2. You Cringe When You Hear Your Child Yell for You
You know you need a break if you cringe when your child calls your name from the other room. Even parents who love having kids will feel this way sometimes. There are days when it seems like your kids need you every second, and it can be enough to cause burnout.
Every time your child calls your name, you can guess what they want. It’s not usually to tell you they love you, as more often it’s because there’s a problem. You’ll cringe because you know they need something, want to whine, or something happened. It often signals that something more gets added to your already overflowing plate.
3. You Over-Caffeinate
If you need three cups of coffee before you can function and communicate, it’s a sign of an overwhelmed parent. While you might not think it’s a problem, too much caffeine has detrimental effects. Sure, it helps you get through your morning with kids, but it’s not a fix-all.
4. You Wonder if You Need Professional Help
If you ever wonder if you need professional help, you should probably reach out. You should seek help before you reach your breaking point. If it crosses your mind, there’s no reason not to start on a treatment plan.
It’s easier to find the help you need before reaching crisis mode. You’ll think more clearly and identify your needs easier if you get a head start. Parenthood is challenging for everyone, and there’s nothing wrong with getting professional help.
Preventative care can help you get ahead of worsening emotions. A professional can help you find coping mechanisms that work for you, helping you feel better and take care of yourself.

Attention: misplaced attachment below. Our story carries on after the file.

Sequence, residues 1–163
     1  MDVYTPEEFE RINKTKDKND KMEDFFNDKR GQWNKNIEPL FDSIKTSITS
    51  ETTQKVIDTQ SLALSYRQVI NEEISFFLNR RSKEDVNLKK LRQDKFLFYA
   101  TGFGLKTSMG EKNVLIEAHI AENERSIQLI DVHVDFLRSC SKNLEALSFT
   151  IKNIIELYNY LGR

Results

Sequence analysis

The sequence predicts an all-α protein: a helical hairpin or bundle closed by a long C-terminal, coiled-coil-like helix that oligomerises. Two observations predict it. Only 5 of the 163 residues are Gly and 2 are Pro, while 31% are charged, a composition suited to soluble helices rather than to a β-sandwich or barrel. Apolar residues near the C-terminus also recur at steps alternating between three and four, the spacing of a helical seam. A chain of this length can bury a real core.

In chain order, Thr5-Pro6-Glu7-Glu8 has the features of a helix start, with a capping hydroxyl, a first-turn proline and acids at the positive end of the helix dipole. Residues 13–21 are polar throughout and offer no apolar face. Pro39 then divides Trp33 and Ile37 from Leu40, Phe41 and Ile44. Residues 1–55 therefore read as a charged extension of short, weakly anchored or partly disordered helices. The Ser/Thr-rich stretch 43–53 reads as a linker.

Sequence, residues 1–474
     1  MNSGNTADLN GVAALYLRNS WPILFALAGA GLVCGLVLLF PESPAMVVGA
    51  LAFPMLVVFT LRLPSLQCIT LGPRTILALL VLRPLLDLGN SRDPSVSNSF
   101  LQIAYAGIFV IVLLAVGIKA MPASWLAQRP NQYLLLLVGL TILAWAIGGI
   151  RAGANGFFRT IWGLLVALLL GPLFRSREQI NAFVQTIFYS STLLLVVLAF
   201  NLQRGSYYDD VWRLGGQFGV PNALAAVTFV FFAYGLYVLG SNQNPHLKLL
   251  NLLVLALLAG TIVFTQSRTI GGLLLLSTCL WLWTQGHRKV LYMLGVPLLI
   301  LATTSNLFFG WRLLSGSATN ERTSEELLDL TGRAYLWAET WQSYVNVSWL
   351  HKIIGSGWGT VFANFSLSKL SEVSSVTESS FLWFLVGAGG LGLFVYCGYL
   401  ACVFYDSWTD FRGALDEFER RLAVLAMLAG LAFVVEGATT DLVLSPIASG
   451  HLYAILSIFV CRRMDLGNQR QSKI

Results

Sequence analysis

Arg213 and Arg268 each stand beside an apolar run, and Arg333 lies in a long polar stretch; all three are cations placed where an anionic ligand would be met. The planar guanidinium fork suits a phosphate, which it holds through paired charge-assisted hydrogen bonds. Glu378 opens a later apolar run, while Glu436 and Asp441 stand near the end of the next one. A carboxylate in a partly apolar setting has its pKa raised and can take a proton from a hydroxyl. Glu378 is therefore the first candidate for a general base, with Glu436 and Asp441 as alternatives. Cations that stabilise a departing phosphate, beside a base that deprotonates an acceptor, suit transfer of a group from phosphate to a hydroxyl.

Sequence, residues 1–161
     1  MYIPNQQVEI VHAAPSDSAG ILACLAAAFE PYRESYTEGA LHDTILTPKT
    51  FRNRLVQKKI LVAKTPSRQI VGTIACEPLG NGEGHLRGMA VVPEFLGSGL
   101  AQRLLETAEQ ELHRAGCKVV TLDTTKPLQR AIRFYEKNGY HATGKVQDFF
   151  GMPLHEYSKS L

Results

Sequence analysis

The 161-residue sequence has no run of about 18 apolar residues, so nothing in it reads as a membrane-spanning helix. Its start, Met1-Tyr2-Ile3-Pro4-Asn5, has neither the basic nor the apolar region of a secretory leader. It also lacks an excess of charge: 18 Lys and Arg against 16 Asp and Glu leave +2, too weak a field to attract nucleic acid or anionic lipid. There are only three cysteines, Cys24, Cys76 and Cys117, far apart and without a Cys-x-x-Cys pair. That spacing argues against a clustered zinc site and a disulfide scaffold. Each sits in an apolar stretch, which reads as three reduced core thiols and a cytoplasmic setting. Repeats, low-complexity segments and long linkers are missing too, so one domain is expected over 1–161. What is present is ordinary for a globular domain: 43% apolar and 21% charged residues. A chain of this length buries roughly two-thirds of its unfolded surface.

5. You Pretend Things Are Broken
If you pretend things your kids want to do aren’t working just so you don’t have to do it, you might be overwhelmed. Think about if you’ve told your kids the slide at the park is broken, and you can’t go that day. Or, you might have said that an annoying toy doesn’t work anymore.
Anytime you pretend things don’t work so that you don’t have to deal with it, it’s time to make some changes. Of course, there’s nothing wrong with disliking that annoying toy, but it shouldn’t cause a problem unless you’re overwhelmed.
6. You Don’t Have Time to Feed Your Kids Breakfast
You’ll know your life is too busy, and you’ve become overwhelmed if you don’t have time to feed your children breakfast. If the beginning of your day is so hectic that breakfast often goes uneaten, it’s time to make a change.
Your children won’t starve over missing one meal, but you don’t want to send them to school hungry. Having time to slow down in the mornings will improve your family life.
7. Parenting Is Hard and You Just Want to Get Away
You know you’re an overwhelmed parent when you feel like you can’t be around them anymore. The frustration becomes so intense that you want to get away however you can. When this happens, you’ll take your time grocery shopping alone or running to the post office because it’s the only chance you have.
You might feel like your kids don’t understand personal space, and you want some time to be alone for a minute. They come in the bathroom when you’re there, hang on your legs when you cook dinner, and always want you. Understandably, you want to get away sometimes.